In most countries where trained mental health professionals are woefully inadequate, public perceptions and attitudes towards the mentally ill and mental illness are shrouded in strange myths and colored by stigmas. Public education and awareness assume tremendous importance in these circumstances to bring about psycho-socio-cultural changes in society.
The decades of 1980’s and 1990’s have been the decades of information technology making the whole world a global village. Technology is still growing by leaps and bounds. The challenge now is to connect local problems with global concerns and also connect local solutions to global response.
The Prevailing Attitudes differ from population to population and on who has become ill. Differences may be found among — Rich Vs Poor, Rural Vs Urban, Male Vs Female, Earning member Vs Dependent, Social support systems Vs None, Treated Vs Untreated and whether Awareness programs in the past has been carried out or not.
By and Large the attitudes and concerns are — Mentally ill are seen as aggressive, violent and dangerous; general public is largely uninformed about various aspects of mental health and lacks awareness about available facilities to treat mentally ill; defeatism about possible outcome after therapy and tendency to maintain social distance from mentally ill and to reject them. It is further worsened by irresponsible portrayal of the mentally ill as deranged, violent and dangerous stereotypes or alternatively as pathetic objects of ridicule by the entertainment industry, often using psychiatric terminology with scant respect to their actual significance and meaning. The media coverage of homicidal or suicidal acts committed by mental patients unfortunately focuses on sensationalism rather than sympathetic understanding or analysis of situation.
Mental illnesses form a large part of the total disability worldwide but each culture differs in its perception of this problem due to pre-conceived notions of causation, symptomatology and treatment modalities of the illnesses. Similarly, the available infrastructure and facilities for treatment and rehabilitation may vary widely within a country and across countries, due to diverse cultures, socio-economic status and systems of medicine apart from socio-cultural background.
As far as media is concerned, we must pray to be saved not only from ignorance experienced by the public, but also to be saved from over zealousness, smugness of knowledge and professional militancy shown by the professionals at times. The worst we can do under the circumstances is to try and superimpose the media strategy of another country.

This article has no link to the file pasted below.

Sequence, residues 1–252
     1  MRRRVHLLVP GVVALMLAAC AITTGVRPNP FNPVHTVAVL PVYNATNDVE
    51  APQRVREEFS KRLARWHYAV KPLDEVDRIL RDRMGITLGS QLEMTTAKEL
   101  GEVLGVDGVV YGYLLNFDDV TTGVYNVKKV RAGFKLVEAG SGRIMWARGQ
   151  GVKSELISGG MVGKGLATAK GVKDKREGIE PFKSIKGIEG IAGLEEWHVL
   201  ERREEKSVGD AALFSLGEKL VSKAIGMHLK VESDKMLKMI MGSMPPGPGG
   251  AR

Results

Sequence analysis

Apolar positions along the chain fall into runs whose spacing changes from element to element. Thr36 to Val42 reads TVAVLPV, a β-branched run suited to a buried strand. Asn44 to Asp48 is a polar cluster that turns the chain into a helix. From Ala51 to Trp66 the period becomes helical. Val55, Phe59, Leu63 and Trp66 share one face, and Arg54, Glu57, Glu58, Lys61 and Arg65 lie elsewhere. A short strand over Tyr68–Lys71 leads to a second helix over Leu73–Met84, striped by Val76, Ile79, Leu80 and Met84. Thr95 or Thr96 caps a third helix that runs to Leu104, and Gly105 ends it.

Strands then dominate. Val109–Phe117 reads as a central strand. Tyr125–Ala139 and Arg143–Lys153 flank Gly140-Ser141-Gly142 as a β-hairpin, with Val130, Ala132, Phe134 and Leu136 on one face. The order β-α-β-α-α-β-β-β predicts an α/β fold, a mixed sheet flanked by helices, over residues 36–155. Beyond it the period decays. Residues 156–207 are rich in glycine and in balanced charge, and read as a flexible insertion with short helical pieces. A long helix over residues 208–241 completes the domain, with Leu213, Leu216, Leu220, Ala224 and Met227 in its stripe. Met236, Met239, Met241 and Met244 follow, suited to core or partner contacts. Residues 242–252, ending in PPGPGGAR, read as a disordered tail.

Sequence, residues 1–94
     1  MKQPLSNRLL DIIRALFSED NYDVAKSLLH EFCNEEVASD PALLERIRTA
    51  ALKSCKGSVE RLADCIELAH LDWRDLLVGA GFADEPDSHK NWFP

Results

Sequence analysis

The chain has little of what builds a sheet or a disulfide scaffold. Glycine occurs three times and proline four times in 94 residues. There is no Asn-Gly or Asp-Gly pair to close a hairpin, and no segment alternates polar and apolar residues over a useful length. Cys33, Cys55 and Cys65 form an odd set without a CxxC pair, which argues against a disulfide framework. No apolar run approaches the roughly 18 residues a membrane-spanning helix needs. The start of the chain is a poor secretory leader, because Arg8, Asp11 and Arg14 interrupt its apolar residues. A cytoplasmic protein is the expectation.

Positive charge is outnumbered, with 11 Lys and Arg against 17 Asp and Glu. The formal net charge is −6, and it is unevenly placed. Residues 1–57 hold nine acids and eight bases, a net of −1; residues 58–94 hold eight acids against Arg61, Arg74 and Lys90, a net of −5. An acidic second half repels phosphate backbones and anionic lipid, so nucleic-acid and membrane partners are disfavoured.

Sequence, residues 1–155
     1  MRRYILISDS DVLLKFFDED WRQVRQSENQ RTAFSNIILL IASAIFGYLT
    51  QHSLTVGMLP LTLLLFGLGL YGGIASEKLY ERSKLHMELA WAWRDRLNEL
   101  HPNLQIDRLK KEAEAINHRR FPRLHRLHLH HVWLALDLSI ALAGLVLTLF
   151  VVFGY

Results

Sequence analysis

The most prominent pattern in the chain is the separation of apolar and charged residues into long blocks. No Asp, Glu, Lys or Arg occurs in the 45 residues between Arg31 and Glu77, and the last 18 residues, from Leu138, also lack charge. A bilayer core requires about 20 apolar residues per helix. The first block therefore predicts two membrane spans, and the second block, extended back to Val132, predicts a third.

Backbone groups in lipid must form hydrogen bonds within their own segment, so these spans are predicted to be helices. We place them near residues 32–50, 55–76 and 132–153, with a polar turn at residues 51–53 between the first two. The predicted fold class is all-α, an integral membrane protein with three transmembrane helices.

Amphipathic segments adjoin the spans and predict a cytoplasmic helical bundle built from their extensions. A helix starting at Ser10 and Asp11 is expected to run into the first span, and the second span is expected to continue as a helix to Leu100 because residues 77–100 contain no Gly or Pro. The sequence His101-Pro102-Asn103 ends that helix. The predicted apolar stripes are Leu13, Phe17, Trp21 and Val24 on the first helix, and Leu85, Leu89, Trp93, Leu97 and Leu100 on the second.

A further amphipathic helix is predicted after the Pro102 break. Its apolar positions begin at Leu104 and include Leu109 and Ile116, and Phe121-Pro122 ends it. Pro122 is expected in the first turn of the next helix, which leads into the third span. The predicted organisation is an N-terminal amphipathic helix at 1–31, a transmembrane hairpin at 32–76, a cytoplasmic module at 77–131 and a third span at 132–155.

It is in this context that realistic programs of changing public attitudes should be planned.
Mass media — The word media comes from ‘Medium’. Thus, a means of communication between two or more individuals refers to Media. That which reaches the masses is Mass Media. It encompasses any means of communication to a large number of people. Thus, it is not only national channels of televisions but also regional newspapers or community leaders that can be useful.
- The issues to be kept in Mind for utilizing the changing face of Media.
Become clear about new information/attitude/paradigm to be created.
Be aware of the old paradigm/attitude. It may or may not be used like — shattering a myth or allowing it to die its own death.
Set a target audience.
Identify resources (money, personal, type of media at disposal)
Set a time frame and informal plan of action.
Be brief and precise in information. Do not attempt many messages at one time. You must also be aware of the people’s or media’s agenda.
No media is too small or too prestigious. Each serves its purposes for certain target population as well as for type of messages to be given, or attitude to be changed. Be aware of which media you feel most comfortable.
Positioning (with events/other information/news)
Utilization of subtle means of communication (Music concerts/messages by celebrities/movies/talk shows/serials etc.)
Influence media or other personal when their near/dear one is suffering from the illness.
Consistency of information from multiple sources.
Not creating the demand without the necessary infrastructure specially of non-pharmacological means (rehabilitation, day care, behavior modification, family or group therapy etc.).